“I’ve been under a lot of pressure at work lately and watching TV when I get home each evening helps me unwind. Unfortunately it also keeps me from getting an optimal number of chores done around the house, but it’s a small price to pay for stress relief.”
11/17/15 webpage post
It’s no secret that I love television. (Over just the past year I’ve written posts about X-Files, MST:3K, Doctor Who, and Once Upon A Time. It’s enough to make me think I need to pick up another hobby.) But after the spring finales of my favorite shows earlier this year I didn’t have much to watch. That turned out to be a good thing. I was running several times a week and going to the gym just as often so there wasn’t a lot of time left over for zoning out in front of the TV. In the evenings I often turned on episodes of the Simpsons on FXX, but even then I was busy doing other things around the house at the same time. There was very little parking myself on the couch and focusing all of my attention on some show or another. And it was a great summer because of that. I just didn’t know what was going to happen when the fall premieres rolled around. At first I was determined to reduce the number of shows that I record and watch every week. Without a new season of Doctor Who until next spring (except the Christmas special which I am anxiously awaiting), I have very few must-watch programs. In fact, Once Upon A Time is just about the only one. Weeknights always seem so short so it’s nice to not feel like I don’t have any more demands on my time and energy. So my first thought as the fall season started was to stop recording all of the CW DC Comics shows – all four of them! It’s not like I’m all that invested in any of the story lines, and freeing up four hours per week was a nice bonus. Too bad I never followed through. So far I’ve been saving the new episodes of Flash, Arrow, Supergirl (I’m still catching up on season 1 on Netflix), and Legends of Tomorrow for weekend viewing. They are the perfect entertainment while I’m recuperating from a long run, like the Long Beach half marathon last weekend or Surf City 10 this morning. I was fooling myself if I thought I could easily abandon anything superhero-related. I’d like to respectfully request that none of the networks launch any new shows in that genre any time soon. I know it’s wishful thinking given the popularity these days, but I don’t need to watch any more TV than I already do!
I live in a quiet little beach city in Orange County. Believe it or not, places like that do exist in the sprawling metropolis of Los Angeles! It’s a lovely place with a small town atmosphere. I’ve been running around here regularly for over three years now and I’ve gotten very comfortable with my usual 3-mile loop. There aren’t a lot of cars to watch out for, other pedestrians are generally very polite, and running by the Pacific Ocean never ceases to amaze me. My running apparel is pretty typical for a woman – tight-fitting shorts or pants and fairly close-fitting shirts. Comfortable, but nothing crazy. I don’t wear short shorts (I’ve got a thigh situation going on that could start a fire if I did), I don’t show any cleavage (I’m paranoid about getting sunburned), and I don’t bare my midriff (believe me, no one wants to see that). But for some reason this year I’ve gotten a lot of catcalls while I’m out running. It’s not that I’m some great beauty or anything. I think men mostly use catcalling as a power play to assert their perceived dominance. But even so, it seriously pisses me off.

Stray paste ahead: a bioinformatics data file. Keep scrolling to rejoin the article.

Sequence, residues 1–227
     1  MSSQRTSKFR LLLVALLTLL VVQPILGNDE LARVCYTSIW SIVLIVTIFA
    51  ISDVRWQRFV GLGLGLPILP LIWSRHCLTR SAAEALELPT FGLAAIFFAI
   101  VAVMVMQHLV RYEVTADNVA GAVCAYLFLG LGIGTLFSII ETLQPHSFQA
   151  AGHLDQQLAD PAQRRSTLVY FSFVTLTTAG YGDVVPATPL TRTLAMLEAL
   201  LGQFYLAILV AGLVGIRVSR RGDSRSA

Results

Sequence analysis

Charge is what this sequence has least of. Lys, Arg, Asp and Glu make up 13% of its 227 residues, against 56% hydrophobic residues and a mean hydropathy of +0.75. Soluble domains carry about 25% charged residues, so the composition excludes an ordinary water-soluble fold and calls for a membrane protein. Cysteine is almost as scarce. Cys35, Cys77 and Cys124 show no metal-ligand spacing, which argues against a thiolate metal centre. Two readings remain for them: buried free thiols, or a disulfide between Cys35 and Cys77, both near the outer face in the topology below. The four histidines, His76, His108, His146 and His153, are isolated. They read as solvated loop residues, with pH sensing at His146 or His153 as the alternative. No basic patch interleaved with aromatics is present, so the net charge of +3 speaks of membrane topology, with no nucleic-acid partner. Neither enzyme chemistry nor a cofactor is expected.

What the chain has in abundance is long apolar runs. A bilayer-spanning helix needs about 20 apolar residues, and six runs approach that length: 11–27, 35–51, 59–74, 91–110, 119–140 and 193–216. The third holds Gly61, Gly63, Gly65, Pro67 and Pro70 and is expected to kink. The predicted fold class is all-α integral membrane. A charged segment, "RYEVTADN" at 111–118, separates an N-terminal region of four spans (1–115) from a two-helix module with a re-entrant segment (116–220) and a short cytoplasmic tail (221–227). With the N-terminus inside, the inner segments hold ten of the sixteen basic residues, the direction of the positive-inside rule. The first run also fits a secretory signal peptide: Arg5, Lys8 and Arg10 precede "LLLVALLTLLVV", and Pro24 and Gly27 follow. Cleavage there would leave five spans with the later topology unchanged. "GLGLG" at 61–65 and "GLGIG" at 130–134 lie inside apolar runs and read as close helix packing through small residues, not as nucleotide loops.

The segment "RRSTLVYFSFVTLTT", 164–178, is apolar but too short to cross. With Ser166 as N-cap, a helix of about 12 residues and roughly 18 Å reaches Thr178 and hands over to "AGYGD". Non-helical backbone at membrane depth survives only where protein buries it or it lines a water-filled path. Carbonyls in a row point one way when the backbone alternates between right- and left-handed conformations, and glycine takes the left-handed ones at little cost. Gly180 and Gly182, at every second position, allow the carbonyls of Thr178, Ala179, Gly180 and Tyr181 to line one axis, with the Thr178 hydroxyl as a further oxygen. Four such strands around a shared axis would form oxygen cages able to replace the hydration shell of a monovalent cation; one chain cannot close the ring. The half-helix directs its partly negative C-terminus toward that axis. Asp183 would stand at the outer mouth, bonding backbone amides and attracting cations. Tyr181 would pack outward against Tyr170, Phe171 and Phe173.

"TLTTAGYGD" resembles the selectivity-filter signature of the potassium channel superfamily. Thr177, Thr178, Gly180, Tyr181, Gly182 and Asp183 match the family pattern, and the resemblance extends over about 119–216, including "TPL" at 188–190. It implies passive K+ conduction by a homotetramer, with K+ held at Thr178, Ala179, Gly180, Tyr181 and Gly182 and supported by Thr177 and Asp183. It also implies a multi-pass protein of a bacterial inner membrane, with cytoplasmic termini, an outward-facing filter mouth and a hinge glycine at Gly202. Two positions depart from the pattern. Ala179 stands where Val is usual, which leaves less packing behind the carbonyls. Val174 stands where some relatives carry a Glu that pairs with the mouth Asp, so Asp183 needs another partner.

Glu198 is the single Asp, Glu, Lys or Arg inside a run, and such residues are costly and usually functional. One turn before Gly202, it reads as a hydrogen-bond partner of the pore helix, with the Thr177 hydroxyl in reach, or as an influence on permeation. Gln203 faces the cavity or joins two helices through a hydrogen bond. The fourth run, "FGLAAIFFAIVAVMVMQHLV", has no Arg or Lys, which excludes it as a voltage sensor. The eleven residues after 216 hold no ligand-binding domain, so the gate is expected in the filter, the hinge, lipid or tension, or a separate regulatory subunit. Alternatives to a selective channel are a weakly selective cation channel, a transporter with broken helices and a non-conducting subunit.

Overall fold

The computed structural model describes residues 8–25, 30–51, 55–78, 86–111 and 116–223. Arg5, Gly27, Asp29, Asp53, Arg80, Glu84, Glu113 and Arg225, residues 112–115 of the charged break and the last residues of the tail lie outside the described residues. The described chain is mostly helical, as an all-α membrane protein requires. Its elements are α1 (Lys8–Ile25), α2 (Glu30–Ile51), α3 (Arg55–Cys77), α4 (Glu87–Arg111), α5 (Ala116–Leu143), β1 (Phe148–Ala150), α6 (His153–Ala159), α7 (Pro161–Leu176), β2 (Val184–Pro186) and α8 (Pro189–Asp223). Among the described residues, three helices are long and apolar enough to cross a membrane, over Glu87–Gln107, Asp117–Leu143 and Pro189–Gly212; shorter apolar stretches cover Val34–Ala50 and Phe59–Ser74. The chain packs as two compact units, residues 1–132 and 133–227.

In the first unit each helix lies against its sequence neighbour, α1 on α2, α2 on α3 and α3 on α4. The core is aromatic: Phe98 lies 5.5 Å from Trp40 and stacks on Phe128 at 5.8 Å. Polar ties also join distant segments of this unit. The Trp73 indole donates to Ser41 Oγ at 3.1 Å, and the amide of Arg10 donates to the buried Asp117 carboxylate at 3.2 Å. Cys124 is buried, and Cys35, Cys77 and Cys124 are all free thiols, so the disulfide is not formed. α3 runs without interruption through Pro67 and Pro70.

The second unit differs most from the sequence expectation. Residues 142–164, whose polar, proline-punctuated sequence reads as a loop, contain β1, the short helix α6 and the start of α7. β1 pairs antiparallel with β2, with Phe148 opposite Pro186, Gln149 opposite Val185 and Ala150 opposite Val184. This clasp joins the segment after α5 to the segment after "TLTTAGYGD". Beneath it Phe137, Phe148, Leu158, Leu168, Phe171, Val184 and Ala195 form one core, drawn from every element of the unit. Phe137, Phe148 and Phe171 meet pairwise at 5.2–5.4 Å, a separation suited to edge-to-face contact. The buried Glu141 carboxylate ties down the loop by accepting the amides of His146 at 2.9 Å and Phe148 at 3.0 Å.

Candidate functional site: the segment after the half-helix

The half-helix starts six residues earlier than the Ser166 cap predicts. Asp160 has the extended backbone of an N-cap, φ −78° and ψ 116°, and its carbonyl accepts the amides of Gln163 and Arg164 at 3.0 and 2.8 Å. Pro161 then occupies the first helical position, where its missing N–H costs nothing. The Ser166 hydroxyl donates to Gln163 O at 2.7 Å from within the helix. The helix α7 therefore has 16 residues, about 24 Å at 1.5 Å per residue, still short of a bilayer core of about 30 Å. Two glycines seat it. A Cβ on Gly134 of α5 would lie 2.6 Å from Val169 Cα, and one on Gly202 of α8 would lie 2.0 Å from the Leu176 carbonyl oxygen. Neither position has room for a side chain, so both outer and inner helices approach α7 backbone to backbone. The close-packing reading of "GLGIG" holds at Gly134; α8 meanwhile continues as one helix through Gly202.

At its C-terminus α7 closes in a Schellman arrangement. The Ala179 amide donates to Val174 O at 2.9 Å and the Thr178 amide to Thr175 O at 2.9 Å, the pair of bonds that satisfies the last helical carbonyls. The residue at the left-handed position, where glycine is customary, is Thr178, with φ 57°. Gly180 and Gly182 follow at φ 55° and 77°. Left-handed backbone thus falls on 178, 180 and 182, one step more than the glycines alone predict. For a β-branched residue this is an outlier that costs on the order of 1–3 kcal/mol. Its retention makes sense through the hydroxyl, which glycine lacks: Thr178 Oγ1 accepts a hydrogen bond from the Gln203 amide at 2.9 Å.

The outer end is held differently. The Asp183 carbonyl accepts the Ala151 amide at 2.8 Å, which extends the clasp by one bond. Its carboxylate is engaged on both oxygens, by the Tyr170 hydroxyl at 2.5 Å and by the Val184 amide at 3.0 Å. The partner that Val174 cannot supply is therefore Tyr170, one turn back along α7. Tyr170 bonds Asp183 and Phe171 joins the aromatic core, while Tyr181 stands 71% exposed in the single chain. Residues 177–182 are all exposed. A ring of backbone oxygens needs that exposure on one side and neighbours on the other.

One evening this summer I ran past a group of three young men, either in their late teens or early twenties, and one of them yelled at me. I can’t remember exactly what he said, but it was something like, “Yeah baby!” I was so shocked that I almost kept going, but then my temper flared and I stopped. I just couldn’t let something like that go. It doesn’t matter what a woman looks like or what she’s wearing. Nothing makes that kind of behavior OK. If the boys had been older, larger, or more intimidating I might have just kept going and hoped they didn’t escalate to something worse than catcalls, but knowing my audience gave me a little confidence. I wanted to have words with these young men who decided to yell at a stranger who just happened to cross their path. I suspected that the guy who shouted at me was trying to impress his friends, but that made me think I could have some influence on the situation and perhaps change his behavior in the future. I turned around and said to him very firmly, “No! You do not say that to women, do you understand me? That is not OK.” The looks on their faces were priceless. Their eyes were wide, their mouths hung open, and I’m sure they were thinking, “Oh shit! What have we done?” They obviously expected me to take their abuse and let the disgusting behavior slide, but they chose the wrong victim that day. I was older, fiercer, and more ticked off than they anticipated! The boys didn’t say anything as I resumed my run. I sincerely hope I made a difference, and that they reconsider catcalling a woman again.